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All reviews - Movies (24) - Games (8)

The Worse Demons Of Our Nature

Posted : 2 years ago on 17 February 2016 09:55 (A review of Sicario)

Sicario is more than just an action-thriller about the brutal, pointless drug war in North America. Its graphic depictions and nihilistic tone flip a sizzling pan of heroin into your face over and over again, forcing you to confront the grim realities of wealth, power and addiction.

The cinematography is a treat and the bleak landscapes of the American desert and the gang riddled ghettos of Mexico are themselves a metaphor for the emptiness of the struggle our characters endure. Benicio Del Toro, Josh Brolin and Emily Blunt all put in excellent performances and the script is clean and efficient, eschewing needless exposition in favor of short, smart dialogue that focuses on pushing the plot forward and not wasting time or insulting the intelligence of its audience. The ominous soundtrack and excellent pacing keep you on the edge of your seat as you move from one barbaric encounter to the next.

The ending is truly climactic and impactful, but it offers the audience a chance to meditate on the events and meaning of the piece before the credits role. It is a complete, coherent, well planned body of work that trusts the intelligence of its viewers, which makes it the rarest kind of film these days.

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Self-Indulgent But Fun

Posted : 2 years ago on 1 February 2016 08:28 (A review of The Hateful Eight)

Hateful Eight is an enjoyable film on several levels, but like Death Proof and Inglorious Basterds it's also very self-indulgent on Tarentino's part. It's not QUITE as self-indulgent as those movies, but it definitely tried my patience a couple times. When Tarentino made Django Unchained either he (or the people around him) were able to reign in his more ridiculous impulses which enabled him to craft a movie that told a story brilliantly and was still a lot of fun. That was a return to form and I was hoping Hateful Eight would be more like Django Unchained and less like Inglorious Basterds. In the end, it split the difference.

Kurt Russel and Samuel L Jackson deliver amazing performances and are equal parts menacing and hilarious. Much like his first film, Resevoir Dogs, the story of Hateful Eight is a crime caper with one primary set; only this one takes place in the late 1800s. It's ironic that Tarentino tries to fill his movies with interesting / quirky characters and often focuses on them and their dialogue to a fault, when the best characters in this movie were the set (the "Habberdashery") and the blizzard raging outside. His non-human characters help set the mood perfectly and lend the film a feeling of authenticity while the human characters, however funny and impressive in their own right, often make the film feel ridiculous.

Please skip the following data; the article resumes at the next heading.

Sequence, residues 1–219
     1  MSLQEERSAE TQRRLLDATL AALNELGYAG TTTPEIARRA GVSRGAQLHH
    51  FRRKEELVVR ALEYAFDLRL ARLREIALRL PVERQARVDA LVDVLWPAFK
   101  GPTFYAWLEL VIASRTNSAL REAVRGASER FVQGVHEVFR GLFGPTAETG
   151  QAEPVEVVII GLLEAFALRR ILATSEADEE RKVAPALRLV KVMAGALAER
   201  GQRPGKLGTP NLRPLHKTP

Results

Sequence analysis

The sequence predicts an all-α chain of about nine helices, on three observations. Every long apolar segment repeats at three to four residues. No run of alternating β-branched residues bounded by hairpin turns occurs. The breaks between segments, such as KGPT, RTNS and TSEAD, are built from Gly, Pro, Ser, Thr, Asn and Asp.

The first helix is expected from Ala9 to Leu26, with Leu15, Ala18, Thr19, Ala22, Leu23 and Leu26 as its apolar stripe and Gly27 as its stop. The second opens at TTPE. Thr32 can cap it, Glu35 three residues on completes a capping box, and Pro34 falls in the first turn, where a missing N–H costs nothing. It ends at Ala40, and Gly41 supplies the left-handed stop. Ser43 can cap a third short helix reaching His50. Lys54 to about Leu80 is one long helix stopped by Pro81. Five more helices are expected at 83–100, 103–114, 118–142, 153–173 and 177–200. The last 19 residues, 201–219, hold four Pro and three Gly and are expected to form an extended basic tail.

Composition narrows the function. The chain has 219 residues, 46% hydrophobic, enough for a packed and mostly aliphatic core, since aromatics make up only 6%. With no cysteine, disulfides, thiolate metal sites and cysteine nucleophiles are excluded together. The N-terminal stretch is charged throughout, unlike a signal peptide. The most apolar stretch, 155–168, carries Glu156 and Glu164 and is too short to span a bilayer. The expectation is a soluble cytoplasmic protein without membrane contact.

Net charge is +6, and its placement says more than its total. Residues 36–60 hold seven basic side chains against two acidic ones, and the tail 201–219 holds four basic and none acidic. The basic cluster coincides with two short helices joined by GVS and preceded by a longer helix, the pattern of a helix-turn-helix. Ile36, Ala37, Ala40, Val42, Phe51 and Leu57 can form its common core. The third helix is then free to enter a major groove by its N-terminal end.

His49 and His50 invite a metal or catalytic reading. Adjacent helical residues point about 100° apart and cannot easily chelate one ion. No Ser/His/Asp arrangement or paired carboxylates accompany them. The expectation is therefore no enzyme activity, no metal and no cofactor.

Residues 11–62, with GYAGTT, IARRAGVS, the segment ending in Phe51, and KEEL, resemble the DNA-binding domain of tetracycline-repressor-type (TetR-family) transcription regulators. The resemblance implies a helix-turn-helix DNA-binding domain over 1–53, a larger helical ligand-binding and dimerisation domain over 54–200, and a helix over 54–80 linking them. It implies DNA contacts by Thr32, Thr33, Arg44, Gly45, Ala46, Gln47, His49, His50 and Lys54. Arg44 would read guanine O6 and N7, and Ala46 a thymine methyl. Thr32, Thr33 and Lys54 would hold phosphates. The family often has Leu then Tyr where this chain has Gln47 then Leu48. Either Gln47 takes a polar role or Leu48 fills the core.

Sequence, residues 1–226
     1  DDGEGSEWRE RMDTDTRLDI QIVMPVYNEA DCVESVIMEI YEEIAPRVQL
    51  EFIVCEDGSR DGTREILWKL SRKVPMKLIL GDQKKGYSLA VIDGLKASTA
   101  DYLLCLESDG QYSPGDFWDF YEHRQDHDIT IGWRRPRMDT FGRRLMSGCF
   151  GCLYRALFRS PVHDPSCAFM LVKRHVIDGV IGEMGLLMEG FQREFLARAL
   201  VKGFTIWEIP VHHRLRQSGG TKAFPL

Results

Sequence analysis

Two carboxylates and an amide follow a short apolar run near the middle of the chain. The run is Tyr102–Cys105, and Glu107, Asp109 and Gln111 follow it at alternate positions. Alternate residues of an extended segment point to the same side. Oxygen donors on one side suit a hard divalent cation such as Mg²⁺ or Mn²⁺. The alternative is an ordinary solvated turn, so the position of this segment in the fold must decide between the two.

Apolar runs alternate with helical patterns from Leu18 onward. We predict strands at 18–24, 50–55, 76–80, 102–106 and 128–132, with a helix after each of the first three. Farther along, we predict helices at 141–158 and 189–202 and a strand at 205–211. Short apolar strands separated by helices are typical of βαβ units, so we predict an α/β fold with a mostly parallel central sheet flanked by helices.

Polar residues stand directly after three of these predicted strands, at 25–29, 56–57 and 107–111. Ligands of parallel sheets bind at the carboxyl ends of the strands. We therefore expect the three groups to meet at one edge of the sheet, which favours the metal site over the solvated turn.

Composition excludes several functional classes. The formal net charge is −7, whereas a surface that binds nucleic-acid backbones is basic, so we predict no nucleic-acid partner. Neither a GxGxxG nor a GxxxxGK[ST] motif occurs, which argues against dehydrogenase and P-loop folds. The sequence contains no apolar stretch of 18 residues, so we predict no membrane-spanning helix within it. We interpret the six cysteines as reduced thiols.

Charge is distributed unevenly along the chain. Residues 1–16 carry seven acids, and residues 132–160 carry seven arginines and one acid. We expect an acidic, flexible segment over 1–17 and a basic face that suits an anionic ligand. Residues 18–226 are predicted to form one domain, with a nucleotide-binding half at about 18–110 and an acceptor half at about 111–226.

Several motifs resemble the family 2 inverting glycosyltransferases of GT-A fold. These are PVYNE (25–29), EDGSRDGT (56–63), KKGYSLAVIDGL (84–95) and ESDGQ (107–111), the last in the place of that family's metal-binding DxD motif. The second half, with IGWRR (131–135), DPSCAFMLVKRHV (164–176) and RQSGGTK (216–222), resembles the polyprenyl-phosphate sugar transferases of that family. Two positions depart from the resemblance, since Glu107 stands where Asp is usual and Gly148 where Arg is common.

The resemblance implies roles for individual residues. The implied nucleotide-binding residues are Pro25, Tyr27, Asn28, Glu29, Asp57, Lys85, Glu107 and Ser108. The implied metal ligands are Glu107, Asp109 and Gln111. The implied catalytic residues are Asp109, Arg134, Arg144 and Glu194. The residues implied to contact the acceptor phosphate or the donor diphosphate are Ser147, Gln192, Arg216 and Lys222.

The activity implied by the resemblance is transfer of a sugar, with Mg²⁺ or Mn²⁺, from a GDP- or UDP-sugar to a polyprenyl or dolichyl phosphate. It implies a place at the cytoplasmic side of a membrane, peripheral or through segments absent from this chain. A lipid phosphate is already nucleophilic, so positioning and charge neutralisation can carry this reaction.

The movie simmers for an hour and change before any real action takes place. I consider myself a pretty patient guy but the older I get and the more great works of film I'm exposed to, the more tired I grow of films that are needlessly wordy. The Hateful Eight contains too much exposition and you could easily cut a half hour from its running time and lose none of its impact. This is the "self indulgence" of Tarentino I mentioned earlier and it was so prominent in Inglorious Basterds that it literally put me to sleep the first time I saw it.

The film is scored by the legendary Ennio Morricone and Tarentino tries to emulate the audio cues of old spaghetti westerns with various degrees of success. He also inserts a narrator a few times which was a bad decision that feels jarring and completely unnecessary.

Despite its flaws, the film is a visual feast and I'm glad I saw it on the big screen. It's a movie with a straight forward plot and obvious themes that doesn't necessitate repeated viewings, so I doubt I'll watch it again unless I want to get another look at those beautiful landscapes and the amazing set. Good, but far from his best.